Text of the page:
Monday, January 30, 2012

#96 Grey Area (March 2010)

I used to play in a band with a lead singer who would, for some reason, assign a number to every “personal compromise” he needed to make. I thought it silly at the time. Things had to be done, and so we all did our part to make it happen. He was an ‘artsy’ sort of guy who always wanted to do things for the purity of the art, and things like having to play at the equivalent of the local redneck bar just for the money to enable us to do other things really irked him. More recently, I have been contemplating these things in my own life.

It’s easy to make a stand, lets say, against a company like V-Twin®. Most of their stuff is from Taiwan it seems, and there have been “incidents” where certain parts, such as the ones developed and made by people like Fabricator Kevin and Crime Scene Choppers, have been copied and inferior versions included in the V-Twin catalog. Okay then, that’s the last time we buy from them. But what if you needed a part, and NOBODY else makes it? You have to have it, and there it is sitting right on the offending page of their catalog. Do you go without it? Scour the swap meets for useable original parts?

I was recently accused of not being very “Backstreet” when I advocated a Baker transmission for someone, the thought there being that the cost of that particular piece was more than most budgets would accommodate. Furthermore, since I obviously got a ‘deal’ on the one I run in my Shovel, that made me a shill for the company. The truth here is this: even had I not got a ‘deal’ on the Baker 6 into 4, I would still be running one because I believe it’s such a necessary piece of my personal ride. I would have found a way to make it happen. Some things are not a good subject to compromise.
Or how about you need an electronic part NOW, but you’re strapped for cash? Hey, Wally World has your part for less than you can get on eBay from frikkin Hong Kong... what do you do? No use whining about foreign electronics. How
many computers/TV’s/cameras are made in the USA? Recently, there was a discussion on the online version of Back Talk about people doing tattoos in their kitchens vs. the people who are paying out the ass for licensed premises.
One of the replies went something like “Hey, I’m an outlaw biker, so I don’t play by the rules.” Does that make it right for them to take the bread off the tables of the guys doing it the legal way? Apparently, the aforementioned ‘outlaw biker’ didn’t have a problem with it. Now, I’m sure there are some very talented artists working out of their kitchen, but I don’t think I would be comfortable being worked on by someone with such low regard for his peers. And that’s what it all comes down to I guess: your own personal “comfort zone.”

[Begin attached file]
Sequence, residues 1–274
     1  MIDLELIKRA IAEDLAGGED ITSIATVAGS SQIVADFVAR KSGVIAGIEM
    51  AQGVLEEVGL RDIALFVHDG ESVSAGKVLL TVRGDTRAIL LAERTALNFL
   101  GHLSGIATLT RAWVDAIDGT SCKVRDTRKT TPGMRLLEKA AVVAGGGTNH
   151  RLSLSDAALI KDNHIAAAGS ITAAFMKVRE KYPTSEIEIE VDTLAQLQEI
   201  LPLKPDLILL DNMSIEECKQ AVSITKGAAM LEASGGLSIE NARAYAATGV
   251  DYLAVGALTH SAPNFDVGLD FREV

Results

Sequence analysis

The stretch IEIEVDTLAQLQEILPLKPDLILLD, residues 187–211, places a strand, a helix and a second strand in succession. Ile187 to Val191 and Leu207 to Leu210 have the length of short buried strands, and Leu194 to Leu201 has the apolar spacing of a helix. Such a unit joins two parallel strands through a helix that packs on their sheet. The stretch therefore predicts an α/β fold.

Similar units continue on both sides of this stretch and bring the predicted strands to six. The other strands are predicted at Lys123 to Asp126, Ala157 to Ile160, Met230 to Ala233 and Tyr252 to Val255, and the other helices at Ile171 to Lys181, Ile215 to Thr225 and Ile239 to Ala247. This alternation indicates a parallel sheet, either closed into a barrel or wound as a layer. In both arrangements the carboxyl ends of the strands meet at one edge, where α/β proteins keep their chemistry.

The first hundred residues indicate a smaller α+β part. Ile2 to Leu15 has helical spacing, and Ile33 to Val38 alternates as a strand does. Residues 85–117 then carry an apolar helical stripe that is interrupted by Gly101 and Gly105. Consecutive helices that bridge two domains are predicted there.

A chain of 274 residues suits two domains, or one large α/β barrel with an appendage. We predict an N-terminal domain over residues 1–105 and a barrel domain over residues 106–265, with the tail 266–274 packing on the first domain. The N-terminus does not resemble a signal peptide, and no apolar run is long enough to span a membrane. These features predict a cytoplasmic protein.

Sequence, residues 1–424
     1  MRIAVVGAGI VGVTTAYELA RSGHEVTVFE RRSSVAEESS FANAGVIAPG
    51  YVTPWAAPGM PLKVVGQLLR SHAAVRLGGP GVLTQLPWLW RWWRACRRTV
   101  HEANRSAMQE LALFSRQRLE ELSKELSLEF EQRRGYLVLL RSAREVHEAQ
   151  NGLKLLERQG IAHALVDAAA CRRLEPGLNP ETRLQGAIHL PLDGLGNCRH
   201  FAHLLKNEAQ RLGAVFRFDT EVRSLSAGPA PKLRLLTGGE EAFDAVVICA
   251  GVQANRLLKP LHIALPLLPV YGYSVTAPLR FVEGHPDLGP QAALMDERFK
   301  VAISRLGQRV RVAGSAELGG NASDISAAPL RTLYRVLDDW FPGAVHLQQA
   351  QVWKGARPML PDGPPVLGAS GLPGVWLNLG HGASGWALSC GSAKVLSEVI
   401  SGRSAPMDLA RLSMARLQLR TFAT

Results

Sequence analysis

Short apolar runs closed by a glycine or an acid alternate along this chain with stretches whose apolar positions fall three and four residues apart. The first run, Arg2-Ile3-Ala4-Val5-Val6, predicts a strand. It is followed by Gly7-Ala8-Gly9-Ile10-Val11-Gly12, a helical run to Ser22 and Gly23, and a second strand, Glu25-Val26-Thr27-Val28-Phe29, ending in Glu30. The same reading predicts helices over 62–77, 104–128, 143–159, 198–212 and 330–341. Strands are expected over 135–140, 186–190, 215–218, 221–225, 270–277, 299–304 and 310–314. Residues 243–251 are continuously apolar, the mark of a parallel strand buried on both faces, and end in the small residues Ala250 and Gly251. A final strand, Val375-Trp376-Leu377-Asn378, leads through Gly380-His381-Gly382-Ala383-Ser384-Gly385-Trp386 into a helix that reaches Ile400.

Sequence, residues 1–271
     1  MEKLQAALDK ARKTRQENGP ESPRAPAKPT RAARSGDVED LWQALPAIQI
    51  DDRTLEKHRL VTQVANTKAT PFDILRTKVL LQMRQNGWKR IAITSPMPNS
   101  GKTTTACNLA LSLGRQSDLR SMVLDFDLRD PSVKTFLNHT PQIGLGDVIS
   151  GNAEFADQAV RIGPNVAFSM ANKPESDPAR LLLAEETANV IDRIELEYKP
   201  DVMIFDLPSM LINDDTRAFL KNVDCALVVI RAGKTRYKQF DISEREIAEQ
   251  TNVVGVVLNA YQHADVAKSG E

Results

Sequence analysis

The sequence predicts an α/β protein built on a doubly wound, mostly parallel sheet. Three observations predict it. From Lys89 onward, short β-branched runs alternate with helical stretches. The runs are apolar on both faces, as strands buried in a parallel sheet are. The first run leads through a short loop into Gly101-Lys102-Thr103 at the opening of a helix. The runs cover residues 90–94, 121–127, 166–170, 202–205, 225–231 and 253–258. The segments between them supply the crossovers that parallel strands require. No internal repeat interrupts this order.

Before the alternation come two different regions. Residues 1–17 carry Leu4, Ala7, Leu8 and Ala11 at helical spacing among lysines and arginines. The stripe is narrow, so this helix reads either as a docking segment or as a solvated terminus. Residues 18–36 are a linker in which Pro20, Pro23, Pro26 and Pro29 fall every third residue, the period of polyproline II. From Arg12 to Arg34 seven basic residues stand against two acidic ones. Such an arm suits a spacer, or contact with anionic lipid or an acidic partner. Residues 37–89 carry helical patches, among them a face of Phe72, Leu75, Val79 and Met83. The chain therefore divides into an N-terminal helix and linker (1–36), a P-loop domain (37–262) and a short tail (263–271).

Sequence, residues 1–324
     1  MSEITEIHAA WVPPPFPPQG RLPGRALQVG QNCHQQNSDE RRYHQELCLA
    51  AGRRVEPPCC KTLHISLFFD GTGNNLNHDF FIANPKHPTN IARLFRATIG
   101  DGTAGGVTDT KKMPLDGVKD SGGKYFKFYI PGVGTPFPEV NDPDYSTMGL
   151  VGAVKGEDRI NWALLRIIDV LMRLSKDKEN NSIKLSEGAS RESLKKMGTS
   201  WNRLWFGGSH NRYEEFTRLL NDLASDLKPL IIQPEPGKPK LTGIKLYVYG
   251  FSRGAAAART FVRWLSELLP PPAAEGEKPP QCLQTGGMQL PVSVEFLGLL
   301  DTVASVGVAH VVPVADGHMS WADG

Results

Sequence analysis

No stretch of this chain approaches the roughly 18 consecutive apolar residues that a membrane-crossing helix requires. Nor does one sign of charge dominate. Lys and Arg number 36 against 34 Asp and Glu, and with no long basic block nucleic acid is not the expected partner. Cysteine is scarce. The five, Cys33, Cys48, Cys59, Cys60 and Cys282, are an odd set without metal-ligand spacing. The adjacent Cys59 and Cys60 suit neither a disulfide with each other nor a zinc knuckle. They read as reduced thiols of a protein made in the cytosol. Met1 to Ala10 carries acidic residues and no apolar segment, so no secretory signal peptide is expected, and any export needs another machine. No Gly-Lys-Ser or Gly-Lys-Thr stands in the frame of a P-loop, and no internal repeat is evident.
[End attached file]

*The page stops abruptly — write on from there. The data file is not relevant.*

I recently heard an interview with Pete Townshend in which he said something to the effect of “We stopped playing ‘My Generation’ for years because we felt we would be thought too old to be singing that, but now, since it’s obvious we are too old, we started playing it again.” Again, the comfort zone, something can make you uncomfortable for a while, but then sometimes you just no longer care. I personally know quite a few people who have no problem whatsoever downloading music off the Internet free.

Or watching illegal copies and downloads of new movies, or using ‘hacked’ versions of computer programs so they don’t have to pay for them. I’ll admit that for years I never even thought about such things, but I have come to realize that the theft of intellectual property... is still theft! Somebody, whether it’s a studio technician, a musician, someone who makes a living by working for a promotion company for movies... a whole HOST of characters... are being screwed. You might as well be jimmying the door of their shed and making off with their motorcycle. Oh sure you can point to some example where you found a version of a song where all the members of the band are long dead and nobody really cares, but come on. You can argue that you watching some new movie on an illegal download would only cost Joe the light guy .00000002 cents, but it’s not the point. It all adds up to millions. Joe the light guy gets laid off because the studio can’t afford him any more.

I guess my outlaw biker days are behind me. Sometimes, buying the inferior product is our only choice. When it isn’t, I try to buy the best I can afford. I’ll continue to utilize great tattoo artists such as Jeff Shea and Richiepan. But Wal-Mart televisions? Well, they do sell The Horse there too.

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